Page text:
The Myth of Fingerprints
Romulo S. Raval's hands served him well for 71 years. As a 12-year-old in the Philippines during World War II, he worked as a messenger, delivering secret notes crumpled in his fists to guerrillas fighting the invading Japanese army in the mountains. Once, he even guarded war prisoners, gripping the barrel of a Springfield rifle with trembling fingers.
Decades later, Raval became the proud patriarch of a large immigrant family in the United States, supporting his wife and eight children. He worked at a fish cannery in Alaska, sorting mail in Oakland and selling imported children's clothing for a time.
Most recently, until last December, Raval pushed a wheelchair through concourses at San Francisco's international airport, taking infirm or elderly passengers to their gates. That was when Raval's worn hands -- more accurately, his fingertips -- turned into a liability.
After the Sept. 11, 2001, terror attacks, the federal government ordered most employees of the nation's airports to undergo a security check. The unprecedented checks presented a massive logistical challenge. At San Francisco alone, more than 12,000 persons were fingerprinted for screening by the FBI.
For Raval and another wheelchair agent, 75-year-old Jesus Salvador, the fingerprinting cost them their livelihoods.
No one suspects the three workers of being al Qaeda operatives or potential terrorists. Salvador is a U.S. citizen, while Raval was a legal U.S. resident at the time. Unlike security screeners who are now required to be federally trained employees and U.S. citizens -- a policy that led to the well-publicized dismissals of non-citizen screeners -- wheelchair agents like Raval need only working permits and clean records.
Raval and Salvador's fingerprints, read by state-of-the-art digital machines, came back "unclassifiable." The FBI said lifetimes of manual labor or old age often erode the whorls of ridges that make up fingerprints.
"Absolutely, it could be a result of age," said Steve Fischer, spokesman at the FBI's Criminal Justice Information Services. "In fact, it happens quite frequently."
The men were not fired right away, but the "unclassifiable" fingerprints triggered a mandatory 10-year background check, in which they had to account for whereabouts and employment. Ravel had gone back to the Philippines to work as a customs official in the 1980s, returning to the United States in 1997. Both workers scrambled to obtain documentation from the Philippines' famously disorganized bureaucracy before the Dec. 22 deadline.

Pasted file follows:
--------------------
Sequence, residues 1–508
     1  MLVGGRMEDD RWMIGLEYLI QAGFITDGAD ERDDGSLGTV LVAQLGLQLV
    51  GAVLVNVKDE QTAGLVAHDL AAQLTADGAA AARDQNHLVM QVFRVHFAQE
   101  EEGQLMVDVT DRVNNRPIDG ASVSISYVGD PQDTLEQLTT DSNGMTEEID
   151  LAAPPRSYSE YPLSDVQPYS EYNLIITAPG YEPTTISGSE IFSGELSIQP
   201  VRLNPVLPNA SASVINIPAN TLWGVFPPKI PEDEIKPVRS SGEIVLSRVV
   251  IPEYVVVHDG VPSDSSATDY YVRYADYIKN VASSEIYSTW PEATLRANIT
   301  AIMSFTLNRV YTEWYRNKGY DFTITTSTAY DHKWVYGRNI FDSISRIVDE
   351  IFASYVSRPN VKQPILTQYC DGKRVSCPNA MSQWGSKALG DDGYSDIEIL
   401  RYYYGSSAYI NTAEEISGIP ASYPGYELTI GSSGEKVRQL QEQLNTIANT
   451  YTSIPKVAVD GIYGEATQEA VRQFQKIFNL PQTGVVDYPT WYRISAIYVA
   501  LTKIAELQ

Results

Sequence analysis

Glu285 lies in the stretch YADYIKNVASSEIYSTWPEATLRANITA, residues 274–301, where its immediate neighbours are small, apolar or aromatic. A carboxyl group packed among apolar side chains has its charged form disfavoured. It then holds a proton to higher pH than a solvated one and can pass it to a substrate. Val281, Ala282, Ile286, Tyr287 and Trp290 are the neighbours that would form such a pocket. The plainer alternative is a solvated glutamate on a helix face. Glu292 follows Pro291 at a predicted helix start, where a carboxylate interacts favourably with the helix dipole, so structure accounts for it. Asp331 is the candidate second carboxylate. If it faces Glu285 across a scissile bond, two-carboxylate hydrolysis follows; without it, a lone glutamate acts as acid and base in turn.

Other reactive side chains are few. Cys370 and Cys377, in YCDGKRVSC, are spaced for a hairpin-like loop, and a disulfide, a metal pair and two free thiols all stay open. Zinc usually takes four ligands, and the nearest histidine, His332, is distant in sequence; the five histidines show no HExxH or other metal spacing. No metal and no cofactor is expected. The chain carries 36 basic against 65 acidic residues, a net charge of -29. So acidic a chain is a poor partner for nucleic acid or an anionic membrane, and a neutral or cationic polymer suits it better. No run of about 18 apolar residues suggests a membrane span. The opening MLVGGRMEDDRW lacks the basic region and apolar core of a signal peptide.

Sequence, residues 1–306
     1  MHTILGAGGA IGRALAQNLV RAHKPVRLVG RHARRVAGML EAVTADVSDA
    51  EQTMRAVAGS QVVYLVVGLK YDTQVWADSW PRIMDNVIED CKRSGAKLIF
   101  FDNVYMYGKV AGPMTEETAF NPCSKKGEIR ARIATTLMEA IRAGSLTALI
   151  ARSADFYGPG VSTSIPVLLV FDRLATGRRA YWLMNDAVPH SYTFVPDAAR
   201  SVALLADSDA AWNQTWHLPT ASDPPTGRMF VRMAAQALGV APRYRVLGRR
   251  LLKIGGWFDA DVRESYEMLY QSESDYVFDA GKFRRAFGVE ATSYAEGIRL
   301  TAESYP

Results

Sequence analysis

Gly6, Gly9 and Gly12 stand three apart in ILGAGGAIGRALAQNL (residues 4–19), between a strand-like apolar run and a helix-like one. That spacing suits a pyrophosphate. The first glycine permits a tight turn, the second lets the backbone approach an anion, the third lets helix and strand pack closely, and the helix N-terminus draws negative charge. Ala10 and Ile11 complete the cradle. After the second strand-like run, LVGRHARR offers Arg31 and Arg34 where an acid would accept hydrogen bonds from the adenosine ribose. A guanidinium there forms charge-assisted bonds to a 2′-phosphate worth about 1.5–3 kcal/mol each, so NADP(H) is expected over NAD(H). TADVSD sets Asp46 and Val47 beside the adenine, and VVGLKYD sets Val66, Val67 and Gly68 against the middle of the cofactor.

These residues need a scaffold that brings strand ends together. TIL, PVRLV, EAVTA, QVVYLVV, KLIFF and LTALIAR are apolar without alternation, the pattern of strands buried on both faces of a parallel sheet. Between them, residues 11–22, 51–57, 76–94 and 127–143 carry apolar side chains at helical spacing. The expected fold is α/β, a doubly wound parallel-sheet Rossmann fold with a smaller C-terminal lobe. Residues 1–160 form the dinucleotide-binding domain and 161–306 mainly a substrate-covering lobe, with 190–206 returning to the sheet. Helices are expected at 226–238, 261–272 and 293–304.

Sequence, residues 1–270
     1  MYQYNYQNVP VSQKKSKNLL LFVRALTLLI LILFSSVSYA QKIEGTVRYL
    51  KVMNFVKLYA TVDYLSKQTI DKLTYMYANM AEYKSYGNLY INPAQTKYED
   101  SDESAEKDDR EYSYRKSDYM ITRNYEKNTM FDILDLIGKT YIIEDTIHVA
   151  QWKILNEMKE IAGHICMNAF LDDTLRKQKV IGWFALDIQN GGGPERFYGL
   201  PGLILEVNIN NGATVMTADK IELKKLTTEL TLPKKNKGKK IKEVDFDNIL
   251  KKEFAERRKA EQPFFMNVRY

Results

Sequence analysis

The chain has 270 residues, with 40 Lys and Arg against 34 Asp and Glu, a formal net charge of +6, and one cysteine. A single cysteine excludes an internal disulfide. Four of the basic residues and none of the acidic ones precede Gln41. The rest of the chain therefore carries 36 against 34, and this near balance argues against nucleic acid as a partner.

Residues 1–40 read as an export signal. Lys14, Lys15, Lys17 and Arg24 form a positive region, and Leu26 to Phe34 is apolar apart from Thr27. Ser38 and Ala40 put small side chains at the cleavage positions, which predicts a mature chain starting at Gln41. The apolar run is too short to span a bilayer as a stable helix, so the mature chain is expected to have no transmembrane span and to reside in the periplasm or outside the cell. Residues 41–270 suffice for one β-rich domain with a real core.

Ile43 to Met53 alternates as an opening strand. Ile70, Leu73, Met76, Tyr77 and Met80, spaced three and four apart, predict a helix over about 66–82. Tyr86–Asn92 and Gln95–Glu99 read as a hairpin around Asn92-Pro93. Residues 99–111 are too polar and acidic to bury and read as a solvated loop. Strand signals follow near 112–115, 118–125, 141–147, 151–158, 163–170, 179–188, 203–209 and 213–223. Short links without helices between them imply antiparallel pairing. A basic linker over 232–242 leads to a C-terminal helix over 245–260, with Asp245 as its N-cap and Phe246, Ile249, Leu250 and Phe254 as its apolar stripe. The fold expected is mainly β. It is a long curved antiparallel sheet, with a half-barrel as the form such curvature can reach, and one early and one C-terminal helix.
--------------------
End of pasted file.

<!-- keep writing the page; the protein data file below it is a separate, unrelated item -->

Raval was fired Dec. 23. On his termination notice, his supervisor scrawled: "Did not Pass Security Requirement." Raval charges he was unjustly fired, saying that on Dec. 22 he provided records from the U.S. consulate in the Philippines and a letter from his hometown lawyer to prove that during a six-month employment gap in 1997 he was arranging for a U.S. visa to join his family.
"Am I a terrorist? I have met all the requirements," Raval said.
Salvador complied Jan. 9, after he already was fired, according to Daz Lamparas, a representative in the Service Employees International Union, where Raval was a shop steward.
"It's not a question of national security," Lamparas said. "Management is using this new policy of a background check to fire people they don't like," because of old age or union membership.
Both men are seeking arbitration for reinstatement with full back pay, Lamparas said. Sara Jackson, spokeswoman in Atlanta for the men's former employer, Argenbright Securities, said the company's lawyer had spoken to the union representative to reach a deal.
Lamparas said the Argenbright lawyers are discussing a monetary settlement, but have said the men can't be placed back in their jobs because Argenbright no longer functions at the airport.
Mike McCarron, San Francisco airport spokesman, said that what happened to Raval and Salvador was unusual. Out of the roughly 12,000 persons fingerprinted, a total of 65 workers had unclassifiable fingerprints. McCarron could not say how many lost jobs. But he said at least 20 were "cleared" and presumably already were working.
Raval now spends his mornings in the tidy home he shares with his son's family in Daly City, a town bordering San Francisco. On a recent morning, he has just said the rosary, and its multi-colored strands are in a zip-loc bag on the coffee table in front of him, next to a vial of holy water.
When he hears faded fingerprints may have cost him his job, he sighs and looks at his smooth, shiny-pink fingertips. "Is it my fault that my fingerprint could not be read?" he asked. Raval is especially frustrated because he only planned on working until February, when he could have retired with full Social Security and Medicare benefits. "I should be enjoying life already," he said.
Raval is still fighting for his job, and is now a U.S. citizen, having been sworn in March 17. He is proud that his eight children are citizens, and all except one who is infirm are working professionals, including dentists, nurses and businesspeople. One of his 18 grandchildren, 22-year-old Jennifer Raval, helps him on his case. If he fails to win his job back, Raval said, he may be forced for the first time to accept financial help from his children.
"Whether I win or lose," he said, "I will be OK. What worries me are all the immigrants this is happening to who don't have high school diplomas and don't know the meaning of the word discrimination."
PNS Associate Editor Marcelo Ballve (email@example.com) is a former Associated Press reporter in Brazil and the Caribbean.